Develop biodiversity action plans: Before Shell begins a project in a sensitive environment, the Company creates a biodiversity action plans to help it identify and minimize impacts during planning, operations, and decommissioning. Biodiversity action plans include measures that are taken to restore habitats or ecosystems that are located near the Company’s operations. For example, to minimize the impacts of a new pipeline in Ireland, Shell decided to construct a pipeline tunnel under an estuary to minimize the impact on land and water habitats. Below is a photo of the landscape in Ireland that the pipeline crosses.
Publicly report on activities in IUCN Category I-IV protected areas: Shell looks for opportunities to further improve the way it operates in International Union for Conservation of Nature (IUCN) Category I-IV protected areas, and areas of high biodiversity value. For your reference, here’s a brief summary of the IUCN protected area categories and definitions:
Category Ia: Strict Nature Reserve. Category 1a protected areas are strictly protected areas set aside to protect biodiversity and geological/geomorphical features, where human visitation, use and impacts are strictly controlled and limited to ensure protection of the conservation values.
Category Ib: Wilderness Area. Category Ib protected areas are usually large unmodified or slightly modified areas, retaining their natural character and influence without permanent or significant human habitation, which are protected and managed to preserve their natural condition.
Category II: National Park. Category II protected areas are large natural or near natural areas set aside to protect large-scale ecological processes, along with the complement of species and ecosystems characteristic of the area, which also provide a foundation for environmentally and culturally compatible, spiritual, scientific, educational, recreational, and visitor opportunities.
Category III: Natural Monument or Feature. Category III protected areas are set aside to protect a specific natural monument, which can be a landform, sea mount, submarine cavern, geological feature such as a cave or even a living feature such as an ancient grove. They are generally quite small protected areas and often have high visitor value.
Category IV: Habitat/Species Management Area. Category IV protected areas aim to protect particular species or habitats and management reflects this priority. Many Category IV protected areas will need regular, active interventions to address the requirements of particular species or to maintain habitats, but this is not a requirement of the category.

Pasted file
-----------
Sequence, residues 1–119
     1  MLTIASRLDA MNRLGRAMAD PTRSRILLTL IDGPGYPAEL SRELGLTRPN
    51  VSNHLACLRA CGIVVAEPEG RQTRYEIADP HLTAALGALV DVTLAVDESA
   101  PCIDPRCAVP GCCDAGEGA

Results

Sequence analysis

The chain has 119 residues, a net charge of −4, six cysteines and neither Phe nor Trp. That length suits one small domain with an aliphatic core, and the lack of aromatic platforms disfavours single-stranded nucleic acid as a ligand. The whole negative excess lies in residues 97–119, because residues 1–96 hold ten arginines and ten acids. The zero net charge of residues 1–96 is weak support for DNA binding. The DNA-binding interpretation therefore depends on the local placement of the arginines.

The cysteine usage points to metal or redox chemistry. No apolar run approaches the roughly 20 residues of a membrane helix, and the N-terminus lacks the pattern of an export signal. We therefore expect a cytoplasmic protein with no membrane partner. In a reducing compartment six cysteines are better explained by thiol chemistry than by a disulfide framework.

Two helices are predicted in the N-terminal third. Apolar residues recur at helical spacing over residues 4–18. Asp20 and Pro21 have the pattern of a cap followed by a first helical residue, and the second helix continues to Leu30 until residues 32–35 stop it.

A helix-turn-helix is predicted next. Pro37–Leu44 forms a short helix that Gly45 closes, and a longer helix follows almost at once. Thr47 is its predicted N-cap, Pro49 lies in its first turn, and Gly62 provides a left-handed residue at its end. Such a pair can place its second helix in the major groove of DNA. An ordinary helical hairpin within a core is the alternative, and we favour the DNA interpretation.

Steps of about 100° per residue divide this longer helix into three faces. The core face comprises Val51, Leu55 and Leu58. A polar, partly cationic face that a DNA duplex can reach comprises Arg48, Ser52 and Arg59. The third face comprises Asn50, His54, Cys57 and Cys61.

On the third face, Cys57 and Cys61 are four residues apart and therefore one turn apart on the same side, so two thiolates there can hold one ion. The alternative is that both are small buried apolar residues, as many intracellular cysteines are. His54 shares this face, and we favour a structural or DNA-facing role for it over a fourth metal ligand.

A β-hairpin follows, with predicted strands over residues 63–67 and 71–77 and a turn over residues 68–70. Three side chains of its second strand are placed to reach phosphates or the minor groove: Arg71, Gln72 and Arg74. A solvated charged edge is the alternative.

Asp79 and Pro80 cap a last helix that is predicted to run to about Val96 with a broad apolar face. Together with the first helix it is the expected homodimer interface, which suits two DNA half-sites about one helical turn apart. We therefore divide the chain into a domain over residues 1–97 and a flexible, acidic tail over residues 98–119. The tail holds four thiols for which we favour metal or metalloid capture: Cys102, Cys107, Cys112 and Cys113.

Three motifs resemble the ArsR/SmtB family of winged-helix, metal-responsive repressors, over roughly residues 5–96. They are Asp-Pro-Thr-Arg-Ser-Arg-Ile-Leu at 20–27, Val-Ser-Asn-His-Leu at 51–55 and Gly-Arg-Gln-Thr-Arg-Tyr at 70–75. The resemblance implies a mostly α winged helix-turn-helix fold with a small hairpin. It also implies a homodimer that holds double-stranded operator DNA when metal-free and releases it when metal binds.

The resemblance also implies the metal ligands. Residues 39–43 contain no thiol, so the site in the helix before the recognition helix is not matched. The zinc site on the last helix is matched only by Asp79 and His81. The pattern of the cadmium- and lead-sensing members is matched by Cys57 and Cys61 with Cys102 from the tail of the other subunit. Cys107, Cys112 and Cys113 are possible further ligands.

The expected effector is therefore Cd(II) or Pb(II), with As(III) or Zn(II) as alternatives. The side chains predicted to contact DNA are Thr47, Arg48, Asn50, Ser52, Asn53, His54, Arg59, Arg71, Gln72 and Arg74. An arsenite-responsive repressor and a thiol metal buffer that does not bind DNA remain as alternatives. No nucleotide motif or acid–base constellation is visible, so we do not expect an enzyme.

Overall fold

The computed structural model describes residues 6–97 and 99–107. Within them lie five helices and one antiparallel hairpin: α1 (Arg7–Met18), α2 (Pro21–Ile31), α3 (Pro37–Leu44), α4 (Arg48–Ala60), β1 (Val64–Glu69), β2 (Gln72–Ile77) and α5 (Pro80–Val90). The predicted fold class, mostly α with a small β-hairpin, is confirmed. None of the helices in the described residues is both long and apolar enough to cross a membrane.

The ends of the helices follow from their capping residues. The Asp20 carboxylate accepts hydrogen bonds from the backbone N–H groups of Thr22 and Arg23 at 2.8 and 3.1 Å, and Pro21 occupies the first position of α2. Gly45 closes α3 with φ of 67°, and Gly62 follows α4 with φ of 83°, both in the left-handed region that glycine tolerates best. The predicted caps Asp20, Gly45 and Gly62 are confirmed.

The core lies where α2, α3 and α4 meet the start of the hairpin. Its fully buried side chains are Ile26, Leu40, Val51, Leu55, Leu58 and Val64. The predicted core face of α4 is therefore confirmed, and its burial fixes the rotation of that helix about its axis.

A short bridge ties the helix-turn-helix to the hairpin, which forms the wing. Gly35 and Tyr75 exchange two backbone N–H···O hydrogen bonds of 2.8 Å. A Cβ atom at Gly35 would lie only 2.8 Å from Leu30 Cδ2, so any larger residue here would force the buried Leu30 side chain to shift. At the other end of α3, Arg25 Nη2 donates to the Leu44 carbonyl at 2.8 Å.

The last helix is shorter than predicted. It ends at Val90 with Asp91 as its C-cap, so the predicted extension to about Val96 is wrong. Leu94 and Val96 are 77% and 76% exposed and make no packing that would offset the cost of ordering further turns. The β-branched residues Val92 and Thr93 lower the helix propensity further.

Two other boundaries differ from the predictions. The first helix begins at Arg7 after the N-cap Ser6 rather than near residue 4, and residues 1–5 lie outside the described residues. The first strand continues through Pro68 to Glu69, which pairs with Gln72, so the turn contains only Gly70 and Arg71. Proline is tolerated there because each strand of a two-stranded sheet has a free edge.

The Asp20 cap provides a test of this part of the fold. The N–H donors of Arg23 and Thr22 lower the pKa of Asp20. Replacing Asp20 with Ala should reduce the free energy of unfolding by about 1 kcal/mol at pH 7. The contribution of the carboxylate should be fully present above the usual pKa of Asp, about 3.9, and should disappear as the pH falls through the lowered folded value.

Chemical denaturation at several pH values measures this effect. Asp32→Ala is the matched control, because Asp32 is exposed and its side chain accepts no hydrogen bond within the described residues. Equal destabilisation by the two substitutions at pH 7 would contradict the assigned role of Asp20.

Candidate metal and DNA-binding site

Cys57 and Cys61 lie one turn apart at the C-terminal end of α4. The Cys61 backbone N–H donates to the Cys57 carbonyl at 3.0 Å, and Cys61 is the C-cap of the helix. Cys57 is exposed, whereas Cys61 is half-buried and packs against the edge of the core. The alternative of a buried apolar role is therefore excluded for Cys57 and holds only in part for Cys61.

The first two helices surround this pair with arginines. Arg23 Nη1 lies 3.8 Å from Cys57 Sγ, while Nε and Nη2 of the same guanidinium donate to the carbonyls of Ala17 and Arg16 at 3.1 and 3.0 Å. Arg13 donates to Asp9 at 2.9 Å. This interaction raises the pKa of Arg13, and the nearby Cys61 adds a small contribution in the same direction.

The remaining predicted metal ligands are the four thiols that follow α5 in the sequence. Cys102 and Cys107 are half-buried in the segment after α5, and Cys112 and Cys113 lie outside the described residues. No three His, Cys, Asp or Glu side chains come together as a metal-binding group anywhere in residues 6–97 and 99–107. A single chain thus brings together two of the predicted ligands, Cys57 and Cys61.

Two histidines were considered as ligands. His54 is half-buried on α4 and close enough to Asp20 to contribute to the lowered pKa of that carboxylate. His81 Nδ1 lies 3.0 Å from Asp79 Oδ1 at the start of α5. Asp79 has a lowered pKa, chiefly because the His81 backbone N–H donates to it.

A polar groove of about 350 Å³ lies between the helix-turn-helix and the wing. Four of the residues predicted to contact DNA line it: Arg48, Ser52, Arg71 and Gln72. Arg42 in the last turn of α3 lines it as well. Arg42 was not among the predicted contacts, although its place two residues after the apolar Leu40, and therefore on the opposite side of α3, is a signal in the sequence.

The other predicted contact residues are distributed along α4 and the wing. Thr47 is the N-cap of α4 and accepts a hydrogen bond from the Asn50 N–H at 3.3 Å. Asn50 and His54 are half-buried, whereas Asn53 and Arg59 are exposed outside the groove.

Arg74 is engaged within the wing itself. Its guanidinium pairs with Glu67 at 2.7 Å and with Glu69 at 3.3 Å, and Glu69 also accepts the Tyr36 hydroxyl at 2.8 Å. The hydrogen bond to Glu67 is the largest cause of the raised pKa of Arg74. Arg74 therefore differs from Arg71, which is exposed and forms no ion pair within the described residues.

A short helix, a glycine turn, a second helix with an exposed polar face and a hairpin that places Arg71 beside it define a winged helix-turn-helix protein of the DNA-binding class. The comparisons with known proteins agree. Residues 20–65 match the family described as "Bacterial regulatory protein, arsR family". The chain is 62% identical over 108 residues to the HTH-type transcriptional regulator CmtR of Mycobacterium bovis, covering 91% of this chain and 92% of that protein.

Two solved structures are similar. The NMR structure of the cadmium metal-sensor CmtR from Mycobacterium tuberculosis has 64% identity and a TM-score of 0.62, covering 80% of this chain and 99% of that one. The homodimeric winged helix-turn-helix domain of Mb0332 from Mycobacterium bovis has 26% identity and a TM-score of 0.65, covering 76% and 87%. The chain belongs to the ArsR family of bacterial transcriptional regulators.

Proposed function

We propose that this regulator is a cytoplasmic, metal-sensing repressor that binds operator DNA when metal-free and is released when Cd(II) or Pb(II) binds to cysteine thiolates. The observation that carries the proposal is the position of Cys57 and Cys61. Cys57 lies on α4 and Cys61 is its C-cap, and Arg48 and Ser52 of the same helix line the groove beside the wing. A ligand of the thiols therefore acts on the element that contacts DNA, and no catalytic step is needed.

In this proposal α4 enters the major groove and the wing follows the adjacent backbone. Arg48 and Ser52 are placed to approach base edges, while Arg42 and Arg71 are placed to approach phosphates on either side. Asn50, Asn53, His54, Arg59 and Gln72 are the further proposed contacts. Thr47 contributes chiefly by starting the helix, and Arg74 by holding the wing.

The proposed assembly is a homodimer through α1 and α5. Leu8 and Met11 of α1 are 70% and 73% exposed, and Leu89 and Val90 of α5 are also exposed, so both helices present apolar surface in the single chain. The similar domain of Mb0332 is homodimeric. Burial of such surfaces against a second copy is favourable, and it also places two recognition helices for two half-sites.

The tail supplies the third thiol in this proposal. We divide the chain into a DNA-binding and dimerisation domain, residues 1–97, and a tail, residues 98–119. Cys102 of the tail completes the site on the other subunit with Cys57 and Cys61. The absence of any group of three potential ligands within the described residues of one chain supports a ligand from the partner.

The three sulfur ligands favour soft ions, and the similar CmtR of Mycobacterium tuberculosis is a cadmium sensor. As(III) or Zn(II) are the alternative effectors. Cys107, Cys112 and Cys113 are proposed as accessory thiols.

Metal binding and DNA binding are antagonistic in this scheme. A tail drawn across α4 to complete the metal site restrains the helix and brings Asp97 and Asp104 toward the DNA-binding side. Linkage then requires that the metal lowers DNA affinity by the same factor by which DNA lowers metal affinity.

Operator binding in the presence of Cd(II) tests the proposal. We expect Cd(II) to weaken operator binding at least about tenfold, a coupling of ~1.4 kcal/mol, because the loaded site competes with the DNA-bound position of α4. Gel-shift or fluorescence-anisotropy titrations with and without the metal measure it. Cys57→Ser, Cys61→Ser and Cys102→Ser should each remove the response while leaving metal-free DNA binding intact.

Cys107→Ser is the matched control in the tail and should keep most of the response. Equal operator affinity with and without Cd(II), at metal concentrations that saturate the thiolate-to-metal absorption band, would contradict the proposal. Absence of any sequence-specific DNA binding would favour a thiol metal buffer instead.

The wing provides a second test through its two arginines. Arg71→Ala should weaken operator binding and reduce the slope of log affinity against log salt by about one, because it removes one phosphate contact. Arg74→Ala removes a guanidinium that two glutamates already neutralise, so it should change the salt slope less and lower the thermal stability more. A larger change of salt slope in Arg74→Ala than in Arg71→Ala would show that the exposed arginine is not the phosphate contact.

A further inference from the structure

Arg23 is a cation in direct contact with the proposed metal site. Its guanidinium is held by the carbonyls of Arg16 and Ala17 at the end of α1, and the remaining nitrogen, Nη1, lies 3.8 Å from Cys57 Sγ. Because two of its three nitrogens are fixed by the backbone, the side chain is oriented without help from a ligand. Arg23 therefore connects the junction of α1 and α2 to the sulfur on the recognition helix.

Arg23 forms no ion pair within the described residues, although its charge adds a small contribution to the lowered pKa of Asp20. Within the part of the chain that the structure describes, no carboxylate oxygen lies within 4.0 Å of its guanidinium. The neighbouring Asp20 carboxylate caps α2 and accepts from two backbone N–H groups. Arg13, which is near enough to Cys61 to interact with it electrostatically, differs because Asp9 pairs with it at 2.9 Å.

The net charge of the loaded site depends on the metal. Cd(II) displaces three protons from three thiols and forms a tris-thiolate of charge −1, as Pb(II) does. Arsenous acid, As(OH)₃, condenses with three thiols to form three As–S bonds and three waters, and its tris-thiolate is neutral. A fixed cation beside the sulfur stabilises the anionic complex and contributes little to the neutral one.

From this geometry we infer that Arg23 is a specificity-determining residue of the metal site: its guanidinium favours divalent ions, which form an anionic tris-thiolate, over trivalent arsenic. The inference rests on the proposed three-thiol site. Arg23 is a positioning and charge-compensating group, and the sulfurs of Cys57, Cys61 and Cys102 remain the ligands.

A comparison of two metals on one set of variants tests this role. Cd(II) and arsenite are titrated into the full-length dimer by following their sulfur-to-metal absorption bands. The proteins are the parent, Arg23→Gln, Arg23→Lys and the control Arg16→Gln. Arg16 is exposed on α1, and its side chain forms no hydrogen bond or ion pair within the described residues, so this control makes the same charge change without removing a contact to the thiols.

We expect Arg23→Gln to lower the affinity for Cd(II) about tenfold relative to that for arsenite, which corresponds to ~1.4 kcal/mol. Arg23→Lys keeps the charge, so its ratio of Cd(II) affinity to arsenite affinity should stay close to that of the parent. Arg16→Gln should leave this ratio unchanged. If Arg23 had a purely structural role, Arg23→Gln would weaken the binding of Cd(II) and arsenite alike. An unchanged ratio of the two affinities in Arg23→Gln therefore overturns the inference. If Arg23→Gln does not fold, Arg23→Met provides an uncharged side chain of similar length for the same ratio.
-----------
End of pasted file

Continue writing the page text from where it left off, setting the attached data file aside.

Category V: Protected Landscape/ Seascape. Category V is a protected area where the interaction of people and nature over time has produced an area of distinct character with significant, ecological, biological, cultural and scenic value, and where safeguarding the integrity of this interaction is vital to protecting and sustaining the area and its associated nature conservation and other values.
Category VI: Protected area with sustainable use of natural resources. Category VI protected areas conserve ecosystems and habitats together with associated cultural values and traditional natural resource management systems. They are generally large, with most of the area in a natural condition, where a proportion is under sustainable natural resource management and where low-level non-industrial use of natural resources compatible with nature conservation is seen as one of the main aims of the area.
Partner with conservation organizations: Shell has formed active partnerships with conservation organizations such as the International Union for Conservation of Nature (IUCN), The Nature Conservancy, Wetlands International, Earthwatch, and the National Fish and Wildlife Foundation to better understand how to protect areas that are rich in biodiversity (critical habitats), develop nature-based solutions to address the global climate challenge, and to engage employees in conservation projects. Shell has been partnering with environmental NGOs for nearly twenty years. As Shell points out on its website: “Since 1999, Shell U.S. has contributed to 19 key environmental NGOs to protect more than 13 million acres of wetlands, converted old rail lines into hiking trails in state parks, cleaned shoreline with Shell volunteers removing 600,000 pounds of debris, and conserved more than 1.8 million acres of land.” Here are some examples: